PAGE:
Vancouver Brent's early bronze age flat axe C 2000 BC

Canadian Victor's early bronze age flat axe C 2000 BC

 

C1000 BC Miniature Bronze Age votive axe head 9.98g, 46.22mm

 

 

2000 BC Early Bronze Age flat axe - 95.92mm L x 43.11mm W

2000 BC Early Bronze Age flat axe

74.05mm L x 59.73mm W

 

2000 BC bronze flat axe - very rare find for Essex

47.46mm L x 35.71mm W

 

 

2100 Stonehenge bluestone circles      
2000 Stonehenge sarsen circle      

Bronze Age (c.1500-1400BC) cast copper alloy primary shield pattern palstave, dating to the Acton Park Phase. It is damaged and incomplete, with active copper corrosion. The butt end is missing, and the flange damaged. There is a prominent stop ridge, with a shield shaped depression just below on both surfaces. There is a casting flaw just above the stop ridge on one surface, which has created a small void, approximately 10mm deep, and 3.6mm by 2.6mm wide. The blade expands out into a concentric cutting edge, which is extremely worn. The axe is 135.10mm long, and is 24.95mm wide, 7.95mm thick at the butt end, with the damaged flange increasing the thickness to 21.21mm. It is 27.73mm wide, 27.16mm thick at the stop ridge, and the cutting edge is 53.84mm wide. The axe has a dark green patina, however most of the original surface has been removed, leaving a pitted, light green surface. A casting seam is visible through the corrosion on one side - Found by Florida Don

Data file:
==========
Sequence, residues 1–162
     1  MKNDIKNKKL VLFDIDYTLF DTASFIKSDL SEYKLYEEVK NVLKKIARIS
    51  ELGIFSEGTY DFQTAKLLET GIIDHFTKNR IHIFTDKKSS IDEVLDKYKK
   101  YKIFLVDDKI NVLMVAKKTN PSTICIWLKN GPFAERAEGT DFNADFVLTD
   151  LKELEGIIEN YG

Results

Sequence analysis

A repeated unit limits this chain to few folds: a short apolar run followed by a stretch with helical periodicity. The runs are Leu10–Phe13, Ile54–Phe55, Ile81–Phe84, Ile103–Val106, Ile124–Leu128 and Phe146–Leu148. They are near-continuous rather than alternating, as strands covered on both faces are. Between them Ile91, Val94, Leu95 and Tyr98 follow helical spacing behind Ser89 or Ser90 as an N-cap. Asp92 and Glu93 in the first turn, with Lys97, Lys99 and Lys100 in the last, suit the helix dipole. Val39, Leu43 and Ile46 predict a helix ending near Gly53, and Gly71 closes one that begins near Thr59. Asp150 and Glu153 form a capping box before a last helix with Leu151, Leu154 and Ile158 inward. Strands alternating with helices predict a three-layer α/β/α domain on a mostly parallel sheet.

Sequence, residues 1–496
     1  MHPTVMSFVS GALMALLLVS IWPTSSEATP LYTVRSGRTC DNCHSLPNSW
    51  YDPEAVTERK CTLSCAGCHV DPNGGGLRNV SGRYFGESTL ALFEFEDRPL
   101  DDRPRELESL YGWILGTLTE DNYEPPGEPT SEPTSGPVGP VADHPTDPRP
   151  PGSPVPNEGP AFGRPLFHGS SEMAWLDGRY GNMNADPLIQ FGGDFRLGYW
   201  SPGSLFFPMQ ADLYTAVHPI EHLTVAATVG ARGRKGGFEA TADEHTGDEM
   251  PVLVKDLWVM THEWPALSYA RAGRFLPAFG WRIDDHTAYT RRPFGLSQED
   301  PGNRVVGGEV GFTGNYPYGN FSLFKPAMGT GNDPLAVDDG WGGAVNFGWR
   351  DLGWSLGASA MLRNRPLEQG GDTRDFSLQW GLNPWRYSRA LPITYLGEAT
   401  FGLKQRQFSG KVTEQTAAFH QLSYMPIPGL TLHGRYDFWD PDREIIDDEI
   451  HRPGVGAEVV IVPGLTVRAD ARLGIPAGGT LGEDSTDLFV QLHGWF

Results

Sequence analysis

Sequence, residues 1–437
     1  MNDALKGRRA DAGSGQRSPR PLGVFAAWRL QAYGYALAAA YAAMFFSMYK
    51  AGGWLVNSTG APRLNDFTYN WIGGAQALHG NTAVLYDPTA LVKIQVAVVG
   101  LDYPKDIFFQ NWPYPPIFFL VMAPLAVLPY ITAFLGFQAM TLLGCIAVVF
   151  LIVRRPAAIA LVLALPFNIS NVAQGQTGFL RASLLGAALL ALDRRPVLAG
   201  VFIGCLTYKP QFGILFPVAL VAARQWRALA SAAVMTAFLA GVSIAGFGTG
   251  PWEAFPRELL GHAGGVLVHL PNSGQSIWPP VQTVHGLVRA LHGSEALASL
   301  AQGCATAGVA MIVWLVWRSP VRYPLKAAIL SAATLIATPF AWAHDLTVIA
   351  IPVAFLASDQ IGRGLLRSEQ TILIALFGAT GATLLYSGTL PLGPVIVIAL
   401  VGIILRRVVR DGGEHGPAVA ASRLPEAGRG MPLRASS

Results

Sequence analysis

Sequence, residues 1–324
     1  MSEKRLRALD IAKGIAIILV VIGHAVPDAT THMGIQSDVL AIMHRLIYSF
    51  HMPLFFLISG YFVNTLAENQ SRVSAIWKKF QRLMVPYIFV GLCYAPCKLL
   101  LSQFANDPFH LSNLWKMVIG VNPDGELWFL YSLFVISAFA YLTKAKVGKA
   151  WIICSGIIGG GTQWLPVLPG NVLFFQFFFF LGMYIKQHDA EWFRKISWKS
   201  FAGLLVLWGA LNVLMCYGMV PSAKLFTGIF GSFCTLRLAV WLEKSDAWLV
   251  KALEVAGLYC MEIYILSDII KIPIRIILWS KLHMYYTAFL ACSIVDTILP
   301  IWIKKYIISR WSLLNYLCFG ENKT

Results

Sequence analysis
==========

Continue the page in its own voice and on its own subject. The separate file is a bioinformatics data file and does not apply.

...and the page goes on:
Bronze Age (c.1500-1400BC) cast copper alloy primary shield pattern palstave, dating to the Acton Park Phase

137.33mm L x 49.01mm W

Bronze Age (c.1500-1400BC) cast copper alloy primary shield pattern palstave, dating to the Acton Park Phase

68.25mm L x 29.97

734

154mm x 54mm

Bronze Age Axe (c.1500-1400BC) cast copper alloy primary shield pattern palstave, dating to the Acton Park Phase.

 

Early Bronze Age and early Middle Bronze Age, c. 1600-1300 BC. Bronze Age chisel

99.9mm L x 16.9mm W

 

 

Middle Bronze age socket spear head 1500-1100 BC

85.26mm L x 25.57mm W - socketed dia 18.88 mm

850BC Bronze Age socketed axe fragment

Middle Bronze age 850 BC socketed bronze axe head

49.8mm w x 38.9mm L

Bronze Age (c.1500-1400BC) cast copper alloy primary shield pattern palstave, dating to the Acton Park Phase

91.52mm L x 26.56 mm W

Middle Bronze age 850 BC socketed bronze axe head

 

850 BC Bronze Age socketed axe head

1550 Stonehenge in present form

 

C 1250 BC Boston Will's socketed axe - Right, 1250 BC Bronze age socketed axe found by NH Scott

1400
Middle Bronze Age
Drier and warm
bronzes
Gold mining
Kerb cairns
1100
Late Bronze Age
Wet and cold
Secondary burials in barrows

Mass Linda socketed axe head fragment C 1000 BC

C1000 BC Bronze Age socketed axe head fragment 37.44mm L 55.91mm W x 13.52 mm T

Bronze Age bronze socketed implement fragment - very worn 10.93g ,29.46 mm L x 15.29mm W

C1000 BC Bronze Age socketed implement fragment 35.57 mm L x 21.99 mm W

C1000BC Bronze age socketed axe fragment showing signs of heavy wear 38.63 mm L x 36.10mm W x 12.79mm T found by NH Dave

1000 BC Bronze age socketed axe fragment

850BC Bronze age socketed axe

 

1000
Earliest hillforts
Wet and cold

Middle Bronze age axe head hoard C 800 BC found by Mass Bruce

Mass Bruce's fragement left and Mass Linda's 2nd socketed axe head fragment

C 800 BC

850BC Bronze Age socketed axe 79.73g, 53.86mm L x 44.24mm W

850 BC Bronze Age socketed axe 37.04 W x 30.58mm L47.54g

 

850 BC Bronze age socketed axe head -101.9 mm long

 

750
Iron Age
Wet and cold
Hillforts
400 Middle Iron Age Warmer and drier Thrown pots Salt trade, iron industry Standing stones

The Great Torc from Snettisham (see seperate Torc page for more pictures)

Iron Age, about 75 BC
Found at Ken Hill, Snettisham, Norfolk, England

Gallo-Belgic E stater, c. 56 BC.found by Texas Gary

AD 43 Roman invasion of England